In 1871, Morris, together with Rossetti and others, founded Morris, Marshall, Faulkner & Co., known as “The Firm.” The plan was to produce high quality goods using handcrafted methods. Morris, Rossetti and various other members of their circle created designs for architectural carvings, furniture, stained glass, wallpaper and other items. In order to obtain more control over the Firm and its production, Morris bought out Rossetti and the other shareholders, changing the name to Morris & Co. in 1875.
During this period, there was a wave of nostalgia for the Middle Ages. It was, for the most part, based upon a romanticized vision of knights in armor and fair damsels. As a result, the Firm's products became very fashionable among the upper and middle classes. (Working class families could not afford the prices the Firm charged).
The commercial success of the Firm created some tension for Morris. Although he was a wealthy man who lived in his life in various mansions, Morrris was an outspoken advocate of radical socialism and even communism. While the working conditions for employees of the Firm were better than the conditions at its competitors, it was still a traditional company, not a commune. Even leaders of the various working-class socialist groups that Morris joined were puzzled by his behavior.
Despite the man's contradictions, Morris the artist has had an enduring legacy. The designs that he and his circle created still speak to viewers. His ideas on production influenced later design, such as the Bauhaus movement in Germany.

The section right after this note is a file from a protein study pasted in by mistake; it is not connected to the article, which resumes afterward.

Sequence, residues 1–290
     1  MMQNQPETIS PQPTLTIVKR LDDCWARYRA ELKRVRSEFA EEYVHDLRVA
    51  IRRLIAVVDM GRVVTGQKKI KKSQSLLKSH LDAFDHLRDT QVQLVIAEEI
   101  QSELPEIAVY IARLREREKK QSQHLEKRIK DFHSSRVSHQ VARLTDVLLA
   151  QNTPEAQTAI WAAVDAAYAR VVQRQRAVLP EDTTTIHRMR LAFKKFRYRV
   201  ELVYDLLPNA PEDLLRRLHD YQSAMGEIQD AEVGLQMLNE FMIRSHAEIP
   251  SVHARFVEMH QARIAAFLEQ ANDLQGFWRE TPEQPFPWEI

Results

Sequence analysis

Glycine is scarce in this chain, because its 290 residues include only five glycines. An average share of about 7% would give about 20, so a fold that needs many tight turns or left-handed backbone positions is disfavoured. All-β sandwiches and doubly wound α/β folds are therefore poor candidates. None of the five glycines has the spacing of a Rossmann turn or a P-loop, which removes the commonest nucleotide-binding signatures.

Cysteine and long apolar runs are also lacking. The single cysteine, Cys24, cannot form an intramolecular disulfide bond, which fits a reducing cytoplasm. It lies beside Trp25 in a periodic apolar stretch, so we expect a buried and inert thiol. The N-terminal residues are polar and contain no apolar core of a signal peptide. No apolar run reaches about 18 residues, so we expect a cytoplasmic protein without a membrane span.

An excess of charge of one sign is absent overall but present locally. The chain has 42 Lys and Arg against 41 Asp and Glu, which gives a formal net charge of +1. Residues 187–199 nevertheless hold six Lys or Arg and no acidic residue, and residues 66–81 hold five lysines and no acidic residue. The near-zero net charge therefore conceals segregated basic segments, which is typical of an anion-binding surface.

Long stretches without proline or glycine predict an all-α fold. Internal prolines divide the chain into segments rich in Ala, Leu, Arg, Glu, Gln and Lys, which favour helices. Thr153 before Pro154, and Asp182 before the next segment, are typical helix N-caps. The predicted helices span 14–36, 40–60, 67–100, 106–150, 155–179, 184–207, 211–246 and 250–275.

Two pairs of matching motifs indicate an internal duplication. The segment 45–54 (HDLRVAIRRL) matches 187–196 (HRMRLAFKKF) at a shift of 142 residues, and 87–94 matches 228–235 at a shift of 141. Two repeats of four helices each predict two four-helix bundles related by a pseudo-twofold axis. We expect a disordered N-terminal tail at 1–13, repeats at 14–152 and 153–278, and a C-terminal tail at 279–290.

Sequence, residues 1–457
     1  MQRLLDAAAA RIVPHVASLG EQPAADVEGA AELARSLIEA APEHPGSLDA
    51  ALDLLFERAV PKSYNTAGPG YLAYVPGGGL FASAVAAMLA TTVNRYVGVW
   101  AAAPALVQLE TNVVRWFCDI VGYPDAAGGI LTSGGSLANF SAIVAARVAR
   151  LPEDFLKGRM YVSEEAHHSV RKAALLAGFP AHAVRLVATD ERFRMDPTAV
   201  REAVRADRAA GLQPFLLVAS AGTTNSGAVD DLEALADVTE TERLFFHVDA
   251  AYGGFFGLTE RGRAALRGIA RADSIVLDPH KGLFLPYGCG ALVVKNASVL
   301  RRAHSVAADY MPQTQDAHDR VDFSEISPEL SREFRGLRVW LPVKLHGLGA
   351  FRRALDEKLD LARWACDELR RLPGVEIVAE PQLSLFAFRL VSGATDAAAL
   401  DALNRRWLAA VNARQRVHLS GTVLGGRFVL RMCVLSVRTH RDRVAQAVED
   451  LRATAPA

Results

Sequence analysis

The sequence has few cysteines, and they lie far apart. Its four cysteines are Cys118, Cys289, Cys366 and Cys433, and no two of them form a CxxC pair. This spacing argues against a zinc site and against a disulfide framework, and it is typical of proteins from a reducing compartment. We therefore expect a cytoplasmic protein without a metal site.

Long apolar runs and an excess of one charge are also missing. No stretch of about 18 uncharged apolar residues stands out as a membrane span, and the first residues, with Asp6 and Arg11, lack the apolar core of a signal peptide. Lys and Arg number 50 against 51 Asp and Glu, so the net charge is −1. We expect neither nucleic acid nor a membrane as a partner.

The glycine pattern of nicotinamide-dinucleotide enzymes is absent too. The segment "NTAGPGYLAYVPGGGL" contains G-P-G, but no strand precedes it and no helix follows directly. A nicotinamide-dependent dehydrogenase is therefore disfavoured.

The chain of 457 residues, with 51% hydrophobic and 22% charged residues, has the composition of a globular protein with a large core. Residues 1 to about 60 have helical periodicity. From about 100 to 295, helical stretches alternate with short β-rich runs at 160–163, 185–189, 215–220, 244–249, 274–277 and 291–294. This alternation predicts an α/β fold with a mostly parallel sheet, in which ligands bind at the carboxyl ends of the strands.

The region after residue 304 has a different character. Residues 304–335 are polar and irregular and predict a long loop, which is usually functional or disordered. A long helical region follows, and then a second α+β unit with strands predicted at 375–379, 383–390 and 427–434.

The exhibition in Reykjavik presents examples of his designs and includes some of the products made by the Firm. In addition, there are works by Rossetti including several in which Morris' wife was the model. The signage is good, although very sympathetic to Morris.
In closing, one might well ask why there is an exhibition about a British designer in an Icelandic art museum? The answer is two-fold. First, Morris was friends with the Icelandic scholar Eirikr Magnusson. Together they translated some of the Icelandic sagas from the Middle Ages. This work so interested Morris that he made two lengthy trips to Iceland, traveling across much of the country. Morris also led fund-raising efforts in Britain after natural disasters struck Iceland towards the end of the 19th century. So there is a substantial connection between Morris and Iceland.
Second, museums in remote areas have an obligation not just to exhibit the work of local artists but to act as a resource for both the public and for local artists, allowing them to see art produced elsewhere. Such art may inspire a thought or reveal a technique that when combined with native thinking and ability may germinate into something entirely new. At the very least, it broadens the mind.
Above: Two portraits of Jane Burden Morris by Dante Gabriel Rossetti.
Below: Jane also appears in a design by her husband.
Above: William Morris, "Minstrel," stained glass.
Below: A stained glass by Rossetti "Lady of the Woodbank and Her Daughters."
Art review - Reykjavik Art Museum (Kjarvalsstaðir) - - William Morris: Let Beauty Rule